"Is your son intact" is given as a correct solution - is this really correct English?
Is it correct - yes, there's nothing wrong grammatically. Is it normal - no. I might say it but I say all sorts of random abnormal things. I've never heard anyone else say this. It shouldn't be a suggested translation, I'm not even sure it should be accepted.
Grammatically, of course it's correct. What I should written is, "is this really how it would be normally expressed in English". I get where "intact" is coming from, but in this case "unharmed" would sound better since it's referring to a person.
I agree with these comments. In English, objects can survive intact, but people never do - they survive unharmed, or in one piece.
Doesn't sound too strange to me, given a context of some accident. Although "in one piece" is what I would personally use instead of "intact".
Most people would more likely say "in one piece", "intact" still sounds a bit odd but it does make more sense in that context.
If someone asked me: "Is your son intact?" It is such an odd phrasing, that I would interpret it as meaning "Has your son been circumcised?"
I come from a farm background, and "intact" in reference to a male means that there has been no castration. A bull is "intact" while a steer is not. Nothing whatever to do with "okay" or "unhurt." Really bad sentence in the English version.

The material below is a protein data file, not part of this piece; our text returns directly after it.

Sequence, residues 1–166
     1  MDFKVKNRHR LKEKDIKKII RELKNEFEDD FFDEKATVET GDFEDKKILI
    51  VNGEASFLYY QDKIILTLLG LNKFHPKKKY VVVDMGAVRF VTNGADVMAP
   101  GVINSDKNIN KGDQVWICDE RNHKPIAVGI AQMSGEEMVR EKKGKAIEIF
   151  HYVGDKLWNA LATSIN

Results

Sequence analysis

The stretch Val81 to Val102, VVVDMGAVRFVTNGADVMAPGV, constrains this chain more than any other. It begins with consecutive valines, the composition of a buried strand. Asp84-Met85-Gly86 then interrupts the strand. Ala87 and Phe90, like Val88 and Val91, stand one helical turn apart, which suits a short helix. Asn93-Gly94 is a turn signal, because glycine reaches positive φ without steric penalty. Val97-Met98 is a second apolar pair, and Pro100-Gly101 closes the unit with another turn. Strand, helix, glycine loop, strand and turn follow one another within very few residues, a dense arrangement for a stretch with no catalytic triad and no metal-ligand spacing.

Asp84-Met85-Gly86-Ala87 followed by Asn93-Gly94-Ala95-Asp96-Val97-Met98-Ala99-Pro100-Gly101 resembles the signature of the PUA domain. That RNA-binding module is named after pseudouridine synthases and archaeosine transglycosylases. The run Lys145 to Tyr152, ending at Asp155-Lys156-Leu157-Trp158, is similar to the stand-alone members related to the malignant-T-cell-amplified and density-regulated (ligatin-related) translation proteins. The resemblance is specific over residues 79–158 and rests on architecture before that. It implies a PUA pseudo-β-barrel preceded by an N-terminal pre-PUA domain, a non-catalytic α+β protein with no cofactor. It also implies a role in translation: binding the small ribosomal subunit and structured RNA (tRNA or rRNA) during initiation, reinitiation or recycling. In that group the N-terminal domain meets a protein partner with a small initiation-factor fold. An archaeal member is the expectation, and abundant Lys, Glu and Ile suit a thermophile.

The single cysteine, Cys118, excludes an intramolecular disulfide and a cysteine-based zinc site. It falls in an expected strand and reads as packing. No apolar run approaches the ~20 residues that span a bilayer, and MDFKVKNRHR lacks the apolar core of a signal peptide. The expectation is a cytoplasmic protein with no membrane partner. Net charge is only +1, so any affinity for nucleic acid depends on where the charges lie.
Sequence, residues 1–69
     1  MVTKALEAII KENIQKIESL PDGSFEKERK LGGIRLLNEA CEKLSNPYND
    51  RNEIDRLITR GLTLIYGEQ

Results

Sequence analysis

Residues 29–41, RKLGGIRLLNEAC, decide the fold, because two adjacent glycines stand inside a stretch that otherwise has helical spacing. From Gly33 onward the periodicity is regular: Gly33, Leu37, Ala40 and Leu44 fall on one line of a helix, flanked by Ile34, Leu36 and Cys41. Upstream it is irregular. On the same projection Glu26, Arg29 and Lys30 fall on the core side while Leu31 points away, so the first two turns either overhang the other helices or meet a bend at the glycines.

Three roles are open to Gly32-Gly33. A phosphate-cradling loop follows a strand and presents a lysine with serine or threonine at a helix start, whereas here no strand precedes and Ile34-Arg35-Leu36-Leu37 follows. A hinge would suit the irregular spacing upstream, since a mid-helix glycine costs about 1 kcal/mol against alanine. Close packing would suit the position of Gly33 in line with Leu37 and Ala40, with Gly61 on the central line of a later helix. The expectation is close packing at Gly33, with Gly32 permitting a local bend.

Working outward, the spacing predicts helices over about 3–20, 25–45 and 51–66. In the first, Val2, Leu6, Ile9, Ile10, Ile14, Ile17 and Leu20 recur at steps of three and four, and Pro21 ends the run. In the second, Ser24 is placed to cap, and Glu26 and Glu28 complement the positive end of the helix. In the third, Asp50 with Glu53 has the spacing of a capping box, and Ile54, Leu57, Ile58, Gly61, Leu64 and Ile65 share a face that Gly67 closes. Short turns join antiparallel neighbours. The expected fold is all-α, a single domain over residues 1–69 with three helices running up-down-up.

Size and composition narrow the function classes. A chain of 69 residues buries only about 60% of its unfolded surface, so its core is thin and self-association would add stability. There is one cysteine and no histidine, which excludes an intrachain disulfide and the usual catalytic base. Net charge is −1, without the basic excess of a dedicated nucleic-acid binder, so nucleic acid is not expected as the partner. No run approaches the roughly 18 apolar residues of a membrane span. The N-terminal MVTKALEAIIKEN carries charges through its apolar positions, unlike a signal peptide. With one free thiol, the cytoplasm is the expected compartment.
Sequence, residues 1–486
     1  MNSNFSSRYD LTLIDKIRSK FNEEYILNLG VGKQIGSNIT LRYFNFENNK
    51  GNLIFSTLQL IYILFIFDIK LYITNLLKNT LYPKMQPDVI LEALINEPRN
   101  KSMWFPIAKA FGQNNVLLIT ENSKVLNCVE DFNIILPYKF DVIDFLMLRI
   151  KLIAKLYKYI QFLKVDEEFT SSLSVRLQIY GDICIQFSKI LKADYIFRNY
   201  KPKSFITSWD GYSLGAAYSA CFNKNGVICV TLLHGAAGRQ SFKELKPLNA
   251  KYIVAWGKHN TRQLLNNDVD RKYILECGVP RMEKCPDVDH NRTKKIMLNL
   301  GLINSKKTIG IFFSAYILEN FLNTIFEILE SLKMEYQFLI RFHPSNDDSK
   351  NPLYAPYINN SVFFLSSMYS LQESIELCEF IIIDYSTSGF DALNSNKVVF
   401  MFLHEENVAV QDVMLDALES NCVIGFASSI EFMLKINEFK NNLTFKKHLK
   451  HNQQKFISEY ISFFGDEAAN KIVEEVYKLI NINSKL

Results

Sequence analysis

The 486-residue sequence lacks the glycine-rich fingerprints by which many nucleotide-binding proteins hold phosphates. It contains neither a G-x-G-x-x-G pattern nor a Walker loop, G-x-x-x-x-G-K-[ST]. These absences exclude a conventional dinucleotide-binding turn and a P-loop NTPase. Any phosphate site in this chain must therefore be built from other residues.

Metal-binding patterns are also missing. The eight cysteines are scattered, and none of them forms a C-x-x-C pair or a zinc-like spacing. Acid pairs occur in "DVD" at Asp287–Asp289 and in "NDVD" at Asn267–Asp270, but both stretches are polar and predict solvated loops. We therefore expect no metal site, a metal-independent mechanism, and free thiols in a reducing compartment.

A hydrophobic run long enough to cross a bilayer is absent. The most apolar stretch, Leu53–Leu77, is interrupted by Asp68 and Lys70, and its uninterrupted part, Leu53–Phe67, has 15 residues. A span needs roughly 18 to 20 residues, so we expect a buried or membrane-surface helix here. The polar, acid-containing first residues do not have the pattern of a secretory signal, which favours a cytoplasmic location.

Here's my mnemonic for цел: Recall the film Marathon Man where the character "Szell" asks "is it safe?"
As I have already written in response to another comment in this formum, цел" does not mean safe. It literally means either "in one piece" or "intact" - choose the one that fits the context.
"Цел" is a short form of "целый" - an adjective meaning "whole" or "intact".
"Safe" (adjective) in Russian is either "безопасный" (if you describe someone or something that does not pose danger to you: this car is safe) or "в безопасности" (if you describe the state of not being in danger: I am safe here).
Is this only used in circumstances where injury is a possibility (e.g. the son is a soldier, or there has been an accident)?
Or can it be used as a more general expression of concern?
e.g. "Is your son alright? He seems a bit tense."
Yes, it used in circumstances where injury is possible. Not in "Is your son alright? He seems a bit tense."
"In one piece" is used in many languages, if you think of it.
I'm surprised I haven't seen more comments about "alright" being used in this translation. I'm a native English speaker in the US, and it was drilled into me in school that it was "all right", not "alright".
Informal, but not necessarily wrong. It probably shouldn't be used in writing - but Duo is a hardly a purveyor of formal writing style.